There is a part of me that has fought for me every step of the way. From the interlopers who might take away my belief in myself. From good friends mired in self doubt who want company, to people who shame women for being ornate or having self worth, for fear of women who are bold or take chances, to fear based viewpoints and to people genuinely shocked to see a woman do what I do. To my innermost self I consider myself a designer, a creator, that title brings me the most joy. I feel that my past, my education, my shortcomings and my defiance, have prepared me for the life I lead today. And the life I will be stepping into.
Art has buffered my life in a way that nothing else could have, art at its most fundamental, is humanity expressing itself. I feel most at ease with those who thrive in this space, the freedom of creation, the tenacity and bravery that art requires. That life requires.  The commitment. The vulnerability. Many people think that being an artist offers absolute freedom, when in truth it invites both scrutiny and celebration. And it is best to take both with a grain of salt.
My greatest wish is to be of maximum service, to not waste my skills to fear. Fear is a powerful destructor and it has killed more dreams than failure ever has. And often when I talk with people I will see that this is where we differ, we have different enemies. I am not in competition with other artists, or women, or men or Donald Trump. I am in competition only with fear. Crystal clear, daunting and piercing in its efficiency, it is my sole enemy.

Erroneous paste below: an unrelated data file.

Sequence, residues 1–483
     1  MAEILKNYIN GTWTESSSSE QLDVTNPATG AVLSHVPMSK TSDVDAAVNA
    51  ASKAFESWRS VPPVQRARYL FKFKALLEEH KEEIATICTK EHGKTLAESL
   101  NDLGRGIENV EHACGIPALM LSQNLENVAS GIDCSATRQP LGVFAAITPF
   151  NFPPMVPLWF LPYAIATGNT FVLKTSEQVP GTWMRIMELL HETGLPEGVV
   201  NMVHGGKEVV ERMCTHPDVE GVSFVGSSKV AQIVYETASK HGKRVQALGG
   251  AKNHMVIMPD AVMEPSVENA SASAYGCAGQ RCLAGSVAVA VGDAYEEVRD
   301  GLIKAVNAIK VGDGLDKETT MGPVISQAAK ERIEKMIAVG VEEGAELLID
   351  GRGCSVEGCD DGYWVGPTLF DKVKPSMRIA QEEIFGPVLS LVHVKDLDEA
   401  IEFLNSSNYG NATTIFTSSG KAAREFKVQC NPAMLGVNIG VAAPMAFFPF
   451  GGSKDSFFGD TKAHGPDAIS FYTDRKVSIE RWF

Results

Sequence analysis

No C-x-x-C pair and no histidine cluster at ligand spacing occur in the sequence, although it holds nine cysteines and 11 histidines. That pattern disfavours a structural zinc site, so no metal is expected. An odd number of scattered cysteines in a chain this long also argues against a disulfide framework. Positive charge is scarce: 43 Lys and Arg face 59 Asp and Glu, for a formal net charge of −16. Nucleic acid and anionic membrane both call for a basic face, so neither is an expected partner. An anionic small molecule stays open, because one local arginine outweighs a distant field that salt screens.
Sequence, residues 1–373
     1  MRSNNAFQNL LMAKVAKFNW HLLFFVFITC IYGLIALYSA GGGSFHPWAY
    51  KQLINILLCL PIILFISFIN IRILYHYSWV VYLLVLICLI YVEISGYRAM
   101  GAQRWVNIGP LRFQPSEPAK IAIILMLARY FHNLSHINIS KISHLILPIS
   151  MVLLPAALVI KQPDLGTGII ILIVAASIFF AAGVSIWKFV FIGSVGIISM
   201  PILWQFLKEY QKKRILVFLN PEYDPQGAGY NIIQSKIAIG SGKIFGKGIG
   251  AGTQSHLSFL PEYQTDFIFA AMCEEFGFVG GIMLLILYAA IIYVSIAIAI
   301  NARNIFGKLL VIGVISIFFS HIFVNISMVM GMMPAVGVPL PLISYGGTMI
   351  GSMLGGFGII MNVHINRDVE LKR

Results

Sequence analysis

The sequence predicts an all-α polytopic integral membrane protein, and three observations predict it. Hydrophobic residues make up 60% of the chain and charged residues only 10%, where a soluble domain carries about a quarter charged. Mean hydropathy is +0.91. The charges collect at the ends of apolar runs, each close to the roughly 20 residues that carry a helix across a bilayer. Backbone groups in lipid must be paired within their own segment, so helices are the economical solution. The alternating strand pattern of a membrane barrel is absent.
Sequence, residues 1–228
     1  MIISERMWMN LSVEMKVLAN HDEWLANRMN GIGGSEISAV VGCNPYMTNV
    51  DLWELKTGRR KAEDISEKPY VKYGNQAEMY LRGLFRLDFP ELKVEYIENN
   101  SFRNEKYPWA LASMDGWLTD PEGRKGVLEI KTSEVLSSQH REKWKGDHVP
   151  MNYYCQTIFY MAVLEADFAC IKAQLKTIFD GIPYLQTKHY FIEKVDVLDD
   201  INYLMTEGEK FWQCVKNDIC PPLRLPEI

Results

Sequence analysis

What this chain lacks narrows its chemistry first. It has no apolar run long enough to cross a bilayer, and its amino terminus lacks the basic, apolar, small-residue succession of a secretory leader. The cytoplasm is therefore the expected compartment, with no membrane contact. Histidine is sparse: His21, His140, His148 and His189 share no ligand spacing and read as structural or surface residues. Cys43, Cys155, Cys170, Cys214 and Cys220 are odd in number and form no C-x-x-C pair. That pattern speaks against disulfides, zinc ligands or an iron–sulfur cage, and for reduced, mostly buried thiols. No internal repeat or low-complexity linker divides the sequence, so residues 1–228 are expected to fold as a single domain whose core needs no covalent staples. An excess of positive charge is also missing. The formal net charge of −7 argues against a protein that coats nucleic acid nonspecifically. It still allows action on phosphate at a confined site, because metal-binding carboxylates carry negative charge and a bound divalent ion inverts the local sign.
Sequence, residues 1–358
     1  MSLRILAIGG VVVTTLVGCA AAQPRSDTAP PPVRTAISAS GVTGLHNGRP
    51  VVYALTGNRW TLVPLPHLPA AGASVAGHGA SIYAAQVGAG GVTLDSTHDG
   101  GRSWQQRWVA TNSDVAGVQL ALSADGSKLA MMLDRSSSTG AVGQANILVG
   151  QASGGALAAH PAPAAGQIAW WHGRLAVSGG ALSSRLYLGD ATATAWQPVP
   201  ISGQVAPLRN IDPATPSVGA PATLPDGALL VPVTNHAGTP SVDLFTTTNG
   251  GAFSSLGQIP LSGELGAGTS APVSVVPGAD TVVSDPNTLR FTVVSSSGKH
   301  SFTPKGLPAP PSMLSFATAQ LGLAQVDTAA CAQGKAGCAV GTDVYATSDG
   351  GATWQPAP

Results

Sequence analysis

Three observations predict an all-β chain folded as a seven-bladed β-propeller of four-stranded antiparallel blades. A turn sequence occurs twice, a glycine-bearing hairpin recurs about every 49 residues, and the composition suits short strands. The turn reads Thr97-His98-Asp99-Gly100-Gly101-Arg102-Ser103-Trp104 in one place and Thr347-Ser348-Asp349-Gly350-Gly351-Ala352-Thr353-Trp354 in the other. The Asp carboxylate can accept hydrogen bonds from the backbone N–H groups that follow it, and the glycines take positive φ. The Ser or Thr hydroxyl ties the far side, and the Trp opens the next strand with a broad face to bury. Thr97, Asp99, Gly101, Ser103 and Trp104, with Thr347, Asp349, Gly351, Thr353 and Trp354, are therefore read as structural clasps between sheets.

Every painting, every project, every time I step into self expression, every idea I fight this enemy. The voice that tells me the idea is bad or wrong, that I am a dreamer and that it can't be done. Cutting and biting I have trained myself to hear fear's voice and to separate it from my own. I wrap myself in the faith that this is what is meant to be, that I am destined and protected. That life celebrates in my bravery and that the Universe will find the way. Audacious faith. I protect my tender, tender hope and I take actions on its behalf. Sometimes the action is to do nothing, sometimes it is to laugh until I cry with an amazing group of friends, sometimes it's to completely surrender, and sometimes it is to fight. To trudge. To prevail. And life, with profound accuracy has always shown up, the way is always made.
I have to believe that life wants me whole, flawed and fabulous. That when I shrink, that I serve no one. That when I act one time on behalf of all the people who cannot, that the whole world shifts. The whole world, shifting under our creative power. What choice we have, what divine, divine choice. That is my lifesong, and I have to sing it to myself everyday. Sometimes I am all alone, and it's just me singing to God. And faintly in the distance, I hear God singing back. Looking back at me through flowers and skies, through color and eyes, people and places, divine and inspired. Perhaps that's all it ever is. Dancing in the dark. I am grateful for the opportunity.